Nietzsche versus Materialism

Marx spoke of kraft and Nietzsche spoke of macht. In English these are both translated as power, which has probably confused some people. Kraft is a material force whereas macht includes e.g. the power to influence others without direct action, like the implicit intimidation of a king or the seductive powers of a beautiful face. Marx’s theory rests on the very specific idea that material forces emanating from humans define value. Nietzsche speaks of power more generally, but they both have in common the idea of humanity as an essentially distinct part of the universe. They had both read Feuerbach and obviously Darwin’s 1859 book helped shape the zeitgeist. It is apparent to me that Nietzsche’s understanding of evolution is insufficient (and he himself admits to not trying to prove anything) but that’s easy to say in 2017 when many understand evolution a lot better.

Nietzsche’s fundamental error is the idea of the perfect human, not all that alien to Hegel’s idea of the world being designed to eventually reach the perfect society. Looking at the animal kingdom in the present gives the impression that each species is perfectly adapted to its environment.* However, this is not a static condition but a process that includes tiny molecules to combine to larger molecules to form bacteria that mutate into multicellular organisms that continuously develop through unique individuals which are sorted out of the race through circumstances particular to those individuals, a process that is still going on billions of years later. This means that every species is currently in the process of changing into something else, i.e. no species is perfect, no species has reached its final form, indeed there is no final form. Even if the environment would somehow freeze in an unchanging state forever (no wind, no sunshine, no growth, no earthquakes and so on) the competition between animals would still pose a threat to existence that forces them to keep evolving new bodies and strategies. And if electrons stopped spinning we wouldn’t even have the atoms needed to form humans.

The problem of thinking in terms of species can be illustrated by the phenomenon called ring species. Birds living on an island somewhere can interbreed with the birds on the neighbouring islands. The neighbouring population can in turn interbreed with the next group of birds and so on. Imagine a ring of these islands. However, because of their relative isolation the birds are no longer compatible with the populations that live on the opposite side of the ring. So we have both an unbroken chain of interbreeding along the ring and a break in the species across the ring, which demonstrates the failure of the concept of species. I seem to recall that Darwin was somewhat aware of this, but I couldn’t find a quote to verify that.

Nietzsche, assuming the possibility of a perfect human specimen, imagines what we today might call a “natural” human. His main beef is with the “unnatural” morality of the Vedic and Abrahamic traditions in which evolutionary losers (the sick, the weak, the perverted) have made the strong responsible for the inequality and erected courts of punishment to redress this natural state of things through artificial means. Ultimately they’ve made virtues out of the exact opposites of the qualities of the naturally strong, and thus perverted society, this he calls ressentiment and slave morality.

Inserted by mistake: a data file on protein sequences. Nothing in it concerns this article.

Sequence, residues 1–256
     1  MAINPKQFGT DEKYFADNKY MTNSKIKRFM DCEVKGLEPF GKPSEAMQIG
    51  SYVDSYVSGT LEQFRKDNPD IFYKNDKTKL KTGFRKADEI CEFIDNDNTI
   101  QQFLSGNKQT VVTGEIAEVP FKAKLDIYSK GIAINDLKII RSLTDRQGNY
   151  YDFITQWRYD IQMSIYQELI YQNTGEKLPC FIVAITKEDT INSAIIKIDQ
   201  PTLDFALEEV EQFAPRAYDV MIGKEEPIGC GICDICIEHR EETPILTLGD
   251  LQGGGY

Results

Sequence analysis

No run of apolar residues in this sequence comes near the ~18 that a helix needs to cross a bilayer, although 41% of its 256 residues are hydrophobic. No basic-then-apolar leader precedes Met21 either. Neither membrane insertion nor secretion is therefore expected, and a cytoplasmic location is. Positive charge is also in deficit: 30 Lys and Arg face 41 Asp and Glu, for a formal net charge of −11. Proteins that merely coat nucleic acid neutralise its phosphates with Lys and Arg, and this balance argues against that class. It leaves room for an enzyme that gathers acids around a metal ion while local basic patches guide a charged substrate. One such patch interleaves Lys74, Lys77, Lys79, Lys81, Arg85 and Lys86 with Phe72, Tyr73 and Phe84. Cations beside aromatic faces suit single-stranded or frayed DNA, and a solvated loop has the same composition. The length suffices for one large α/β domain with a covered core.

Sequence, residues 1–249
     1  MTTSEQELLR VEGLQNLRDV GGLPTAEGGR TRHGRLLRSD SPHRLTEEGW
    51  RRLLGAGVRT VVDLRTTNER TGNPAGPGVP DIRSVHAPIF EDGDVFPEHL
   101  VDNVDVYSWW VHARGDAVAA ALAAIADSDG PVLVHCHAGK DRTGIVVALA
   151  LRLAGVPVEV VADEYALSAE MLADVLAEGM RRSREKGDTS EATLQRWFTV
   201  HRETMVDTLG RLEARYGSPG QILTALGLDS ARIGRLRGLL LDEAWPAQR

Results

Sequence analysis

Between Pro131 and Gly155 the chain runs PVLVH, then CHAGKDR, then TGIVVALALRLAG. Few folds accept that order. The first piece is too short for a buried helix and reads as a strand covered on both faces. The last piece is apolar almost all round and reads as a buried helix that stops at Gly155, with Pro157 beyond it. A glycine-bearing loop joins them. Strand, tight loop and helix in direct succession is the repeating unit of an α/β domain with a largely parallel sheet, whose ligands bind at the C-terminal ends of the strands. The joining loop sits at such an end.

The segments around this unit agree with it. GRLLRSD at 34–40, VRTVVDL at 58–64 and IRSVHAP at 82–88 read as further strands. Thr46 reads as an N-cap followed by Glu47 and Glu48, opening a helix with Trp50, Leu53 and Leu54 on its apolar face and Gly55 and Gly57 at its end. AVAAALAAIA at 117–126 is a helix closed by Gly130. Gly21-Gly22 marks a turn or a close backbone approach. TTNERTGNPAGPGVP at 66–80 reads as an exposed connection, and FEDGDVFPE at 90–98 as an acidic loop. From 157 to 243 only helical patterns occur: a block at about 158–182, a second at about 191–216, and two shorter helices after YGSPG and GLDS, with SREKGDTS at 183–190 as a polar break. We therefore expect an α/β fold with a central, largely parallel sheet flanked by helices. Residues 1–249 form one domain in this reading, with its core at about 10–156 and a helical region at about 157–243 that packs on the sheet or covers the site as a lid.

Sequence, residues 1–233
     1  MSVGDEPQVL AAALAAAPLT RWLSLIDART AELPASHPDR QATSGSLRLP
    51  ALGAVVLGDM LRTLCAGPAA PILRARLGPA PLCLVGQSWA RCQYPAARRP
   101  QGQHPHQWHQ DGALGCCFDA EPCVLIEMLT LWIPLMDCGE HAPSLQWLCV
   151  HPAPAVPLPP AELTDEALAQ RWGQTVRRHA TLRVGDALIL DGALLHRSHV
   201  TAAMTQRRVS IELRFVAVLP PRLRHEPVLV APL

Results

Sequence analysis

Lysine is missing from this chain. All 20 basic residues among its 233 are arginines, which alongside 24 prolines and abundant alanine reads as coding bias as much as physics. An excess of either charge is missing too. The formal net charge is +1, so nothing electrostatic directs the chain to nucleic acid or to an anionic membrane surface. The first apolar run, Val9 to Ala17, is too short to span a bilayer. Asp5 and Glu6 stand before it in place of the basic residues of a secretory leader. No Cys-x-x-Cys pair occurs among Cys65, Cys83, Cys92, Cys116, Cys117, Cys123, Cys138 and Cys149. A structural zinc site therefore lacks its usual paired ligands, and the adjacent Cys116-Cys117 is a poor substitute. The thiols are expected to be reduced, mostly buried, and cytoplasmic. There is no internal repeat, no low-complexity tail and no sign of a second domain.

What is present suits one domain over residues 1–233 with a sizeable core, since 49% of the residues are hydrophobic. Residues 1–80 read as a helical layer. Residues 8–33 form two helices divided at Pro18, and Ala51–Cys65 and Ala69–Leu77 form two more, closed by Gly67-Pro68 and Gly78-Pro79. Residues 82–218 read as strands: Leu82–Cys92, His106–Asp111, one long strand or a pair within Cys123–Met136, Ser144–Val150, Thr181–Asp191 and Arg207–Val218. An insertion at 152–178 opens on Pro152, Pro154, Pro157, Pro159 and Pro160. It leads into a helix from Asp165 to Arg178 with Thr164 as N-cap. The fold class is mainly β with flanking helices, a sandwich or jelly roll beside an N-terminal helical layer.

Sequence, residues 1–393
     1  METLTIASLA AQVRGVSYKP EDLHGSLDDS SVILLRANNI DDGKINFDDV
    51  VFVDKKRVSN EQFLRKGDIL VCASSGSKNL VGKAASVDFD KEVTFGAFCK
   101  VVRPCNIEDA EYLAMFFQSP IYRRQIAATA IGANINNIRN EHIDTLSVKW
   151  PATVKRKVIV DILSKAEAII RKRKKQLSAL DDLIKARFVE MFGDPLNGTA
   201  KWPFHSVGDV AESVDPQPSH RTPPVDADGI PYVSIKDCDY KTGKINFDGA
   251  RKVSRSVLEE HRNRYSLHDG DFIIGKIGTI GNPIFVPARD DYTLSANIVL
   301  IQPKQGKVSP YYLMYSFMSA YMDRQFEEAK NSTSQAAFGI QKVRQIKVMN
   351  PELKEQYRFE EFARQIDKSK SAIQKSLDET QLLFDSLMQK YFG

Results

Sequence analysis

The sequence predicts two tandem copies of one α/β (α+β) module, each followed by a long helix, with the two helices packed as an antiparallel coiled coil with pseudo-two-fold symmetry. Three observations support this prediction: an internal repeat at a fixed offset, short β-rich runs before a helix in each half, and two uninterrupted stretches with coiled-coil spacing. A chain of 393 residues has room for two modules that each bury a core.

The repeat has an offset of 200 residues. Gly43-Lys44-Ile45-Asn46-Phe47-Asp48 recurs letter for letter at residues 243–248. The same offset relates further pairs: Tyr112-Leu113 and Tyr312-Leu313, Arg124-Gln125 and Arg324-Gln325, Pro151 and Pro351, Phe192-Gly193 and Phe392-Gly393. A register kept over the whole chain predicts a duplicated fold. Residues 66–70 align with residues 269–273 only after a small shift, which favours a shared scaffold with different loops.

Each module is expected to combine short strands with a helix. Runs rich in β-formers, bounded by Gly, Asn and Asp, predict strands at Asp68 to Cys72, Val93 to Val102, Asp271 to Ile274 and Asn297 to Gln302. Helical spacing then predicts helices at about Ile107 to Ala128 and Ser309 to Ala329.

“(T)he problem with the other origin of the ‘good,’ of the good man, as the person of ressentiment has thought it out for himself, demands some conclusion. It is not surprising that the lambs should bear a grudge against the great birds of prey, but that is no reason for blaming the great birds of prey for taking the little lambs. And when the lambs say among themselves, ‘These birds of prey are evil, and he who least resembles a bird of prey, who is rather its opposite, a lamb,—should he not be good?’ then there is nothing to carp with in this ideal’s establishment, though the birds of prey may regard it a little mockingly, and maybe say to themselves, ‘We bear no grudge against them, these good lambs, we even love them: nothing is tastier than a tender lamb.'”

As much as Nietzsche hates on certain aspects of religion it seems he still hasn’t fully escaped the concept of original sin. He’s explicitly not a nihilist whose given up on this forsaken species, instead he believes he’s part of a movement of questioning old morals that will, in about 200 years of confusion starting from when he was writing, culminate in a better society, populated by his perfect humans, the übermensch (superhuman, above-human, high-human or top human). This ideal human isn’t well theorized, Nietzsche was foremost a critic, but it seems to fit in the philosophical transition from idealism to materialism, where some of the ideals survive in material concepts. Stirner, Husserl or Heidegger might’ve been the first to completely break with German idealism (and by extension Plato’s idealism), if that is even possible.

My criticism of modern humanism and human rights is mainly the categorization into distinct species. Nietzsche instead opposes these rights on the basis that they shouldn’t or can’t be given to e.g. the weak, and that the strong are already in their right by definition. They act naturally, following their natural instincts, and their acts are therefore justified. The distinction between instincts and willed acts is another error in the transition from idealism. It is a false division, there is no fundamental difference between immediate decisions and long-term planning, just as there isn’t between short-term and long-term memory. It can be argued that the weak who band together against the strong are actually in their right because they have strength in number. This Nietzsche might’ve called devious or even evil scheming, but without distinguishing it from instinct he has no argument.